Besides being different colors on the outside, there’s not much difference . . . after all, they’re just beans, right?
Henry David Thoreau, and anyone who has ever grown their own, or had fresh-picked beans from a local farm, would beg to differ. In Walden, Thoreau writes about his “singular experience” of “planting, and hoeing, and harvesting, and threshing, and picking over and selling them,” concluding: “I was determined to know beans."
A Spectrum of Knowledge
If you too are determined to know the many excellent flavors and textures of beans, you’re likely to find these and more at your local farmers market: succulent Blue Lake, skinny French Filet or Haricots Verts, Kentucky Wonder, Yellow Wax, Royal Burgundy, tiny Tres Fin, and the large, broad Dragon Tongue and Italian Flat beans.
Many people gravitate toward the slender French beans and steer clear of the big, broad Italian Flat (also known as Romanos) and Dutch heirloom Dragon Tongue beans, jumping to the conclusion that big beans must be over-mature, tough, and stringy. But in keeping with the general rule that the worse something looks, the better it tastes, those big beans are sweet and tender, with rich deep flavors.
Easy to Prepare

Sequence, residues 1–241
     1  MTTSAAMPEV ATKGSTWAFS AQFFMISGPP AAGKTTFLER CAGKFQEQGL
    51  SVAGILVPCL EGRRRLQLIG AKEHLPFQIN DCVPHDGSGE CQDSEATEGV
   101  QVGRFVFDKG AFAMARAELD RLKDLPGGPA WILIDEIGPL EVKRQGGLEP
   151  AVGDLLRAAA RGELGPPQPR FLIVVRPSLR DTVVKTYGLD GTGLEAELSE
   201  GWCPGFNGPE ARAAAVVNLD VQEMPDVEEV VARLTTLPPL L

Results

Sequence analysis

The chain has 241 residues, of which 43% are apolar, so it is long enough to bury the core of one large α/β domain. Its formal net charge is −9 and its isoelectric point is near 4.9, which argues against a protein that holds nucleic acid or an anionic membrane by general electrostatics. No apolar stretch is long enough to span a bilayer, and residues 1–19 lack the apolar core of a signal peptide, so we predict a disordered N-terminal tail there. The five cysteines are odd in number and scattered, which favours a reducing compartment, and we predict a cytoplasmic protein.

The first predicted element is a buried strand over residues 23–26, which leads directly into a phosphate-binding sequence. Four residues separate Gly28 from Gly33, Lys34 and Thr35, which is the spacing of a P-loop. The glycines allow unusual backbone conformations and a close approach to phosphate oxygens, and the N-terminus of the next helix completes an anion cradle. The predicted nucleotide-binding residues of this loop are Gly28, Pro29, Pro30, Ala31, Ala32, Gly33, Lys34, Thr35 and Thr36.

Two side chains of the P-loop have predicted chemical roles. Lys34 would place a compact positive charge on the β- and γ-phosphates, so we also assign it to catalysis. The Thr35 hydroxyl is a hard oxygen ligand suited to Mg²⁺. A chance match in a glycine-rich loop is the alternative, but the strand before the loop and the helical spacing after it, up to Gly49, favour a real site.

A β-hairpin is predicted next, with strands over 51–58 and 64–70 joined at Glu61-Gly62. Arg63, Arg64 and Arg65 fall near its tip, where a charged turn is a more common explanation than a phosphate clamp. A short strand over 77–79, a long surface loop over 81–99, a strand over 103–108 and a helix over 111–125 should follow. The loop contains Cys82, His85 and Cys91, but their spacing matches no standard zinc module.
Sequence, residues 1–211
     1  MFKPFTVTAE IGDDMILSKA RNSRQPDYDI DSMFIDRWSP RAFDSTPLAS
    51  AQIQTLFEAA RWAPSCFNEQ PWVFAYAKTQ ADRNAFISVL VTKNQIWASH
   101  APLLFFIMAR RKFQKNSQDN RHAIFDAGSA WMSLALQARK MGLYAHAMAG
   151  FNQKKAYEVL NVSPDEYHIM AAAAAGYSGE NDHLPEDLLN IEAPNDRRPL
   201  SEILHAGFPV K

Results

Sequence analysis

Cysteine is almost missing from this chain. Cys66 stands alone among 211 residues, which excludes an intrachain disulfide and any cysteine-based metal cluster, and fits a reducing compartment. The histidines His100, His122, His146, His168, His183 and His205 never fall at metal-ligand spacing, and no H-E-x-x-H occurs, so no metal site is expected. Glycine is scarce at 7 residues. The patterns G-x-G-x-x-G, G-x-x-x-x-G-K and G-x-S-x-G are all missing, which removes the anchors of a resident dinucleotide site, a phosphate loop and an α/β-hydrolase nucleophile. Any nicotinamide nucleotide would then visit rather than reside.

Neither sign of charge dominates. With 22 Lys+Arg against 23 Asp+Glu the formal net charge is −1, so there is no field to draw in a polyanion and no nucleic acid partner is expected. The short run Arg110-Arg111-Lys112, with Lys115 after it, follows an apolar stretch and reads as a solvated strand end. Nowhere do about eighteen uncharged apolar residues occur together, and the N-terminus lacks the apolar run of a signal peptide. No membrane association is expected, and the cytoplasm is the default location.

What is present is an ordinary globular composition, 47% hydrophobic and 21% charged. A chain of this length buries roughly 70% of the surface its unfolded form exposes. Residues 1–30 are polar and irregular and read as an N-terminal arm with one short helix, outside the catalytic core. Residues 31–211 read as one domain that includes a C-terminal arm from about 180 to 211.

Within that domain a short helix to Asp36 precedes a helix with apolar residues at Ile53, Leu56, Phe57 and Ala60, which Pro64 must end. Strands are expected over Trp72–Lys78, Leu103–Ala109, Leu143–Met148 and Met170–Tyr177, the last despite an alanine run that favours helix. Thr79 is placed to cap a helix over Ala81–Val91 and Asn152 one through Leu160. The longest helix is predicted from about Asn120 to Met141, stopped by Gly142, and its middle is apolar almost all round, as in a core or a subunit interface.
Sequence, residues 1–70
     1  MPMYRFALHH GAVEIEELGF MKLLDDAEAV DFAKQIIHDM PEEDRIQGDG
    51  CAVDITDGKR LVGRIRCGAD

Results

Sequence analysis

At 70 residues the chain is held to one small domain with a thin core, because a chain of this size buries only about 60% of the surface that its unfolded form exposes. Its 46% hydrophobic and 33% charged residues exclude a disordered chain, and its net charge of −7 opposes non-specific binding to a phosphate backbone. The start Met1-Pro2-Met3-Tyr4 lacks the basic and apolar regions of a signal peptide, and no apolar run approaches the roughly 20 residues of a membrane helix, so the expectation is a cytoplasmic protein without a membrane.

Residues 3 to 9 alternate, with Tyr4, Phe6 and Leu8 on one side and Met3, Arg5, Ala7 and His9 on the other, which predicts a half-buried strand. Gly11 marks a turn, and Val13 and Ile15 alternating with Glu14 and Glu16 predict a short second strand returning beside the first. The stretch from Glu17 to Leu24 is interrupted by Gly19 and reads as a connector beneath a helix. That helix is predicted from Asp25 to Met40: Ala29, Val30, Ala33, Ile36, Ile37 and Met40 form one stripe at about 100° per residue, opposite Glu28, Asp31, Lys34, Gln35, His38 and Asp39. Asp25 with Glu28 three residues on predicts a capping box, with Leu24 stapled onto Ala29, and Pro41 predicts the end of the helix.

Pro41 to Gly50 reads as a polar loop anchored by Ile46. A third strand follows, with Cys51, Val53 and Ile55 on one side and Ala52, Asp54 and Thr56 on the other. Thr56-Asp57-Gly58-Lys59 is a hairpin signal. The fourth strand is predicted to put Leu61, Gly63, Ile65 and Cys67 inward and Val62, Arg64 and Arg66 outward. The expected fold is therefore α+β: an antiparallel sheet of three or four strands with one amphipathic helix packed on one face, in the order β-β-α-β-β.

All varieties of beans are super-easy to prepare. Simply put a pot of salted water on to boil, and while it’s heating up, remove the tips and tails, and snap the beans into 2-inch lengths. Then drop them into the boiling water and taste-test after 3-4 minutes. A tiny Tres Fin will take less time than a standard green bean, which will take less time than a Romano. Keep testing every minute or so until the beans are no longer crunchy, but just barely tender. After you drain the beans, toss them with plain butter, herbed butter, or garlic mayonnaise and serve. Or try this great combination of summery tomatoes and beans.
Summer Beans with Fresh Tomatoes and Garlic
2 cups beans (any variety)
2 tbsp olive oil
1 cup fresh chopped tomatoes
4 cloves crushed garlic
1 tsp chopped parsley, basil, tarragon (or herb of your choice)
Salt and black pepper to taste
Steam or boil the beans for 3-4 minutes. Drain well and put in a frying pan with the remaining ingredients. Cook until beans are tender.
Combine all ingredients in a bowl and toss well to combine flavors. Allow to sit at room temperature at least ½ hour, then re-season as needed. Serve at room temperature.
Seasonal Cook’s Notes: Crunchy raw beans are OK on a tray of raw veggies, but they will not reveal their full flavors until they are fully cooked – but catch them before they are over-cooked and limp!
The best way to enjoy healthy, seasonal produce is to buy it from your local community farmer. To locate the farmers’ market or CSA nearest you, visit www.localharvest.org.
Farm Fresh Now! is a project of The Land Connection, an educational nonprofit that preserves farmland, trains new farmers, and connects people with great locally-grown foods. This series is made possible with generous support from the Illinois Department of Agriculture.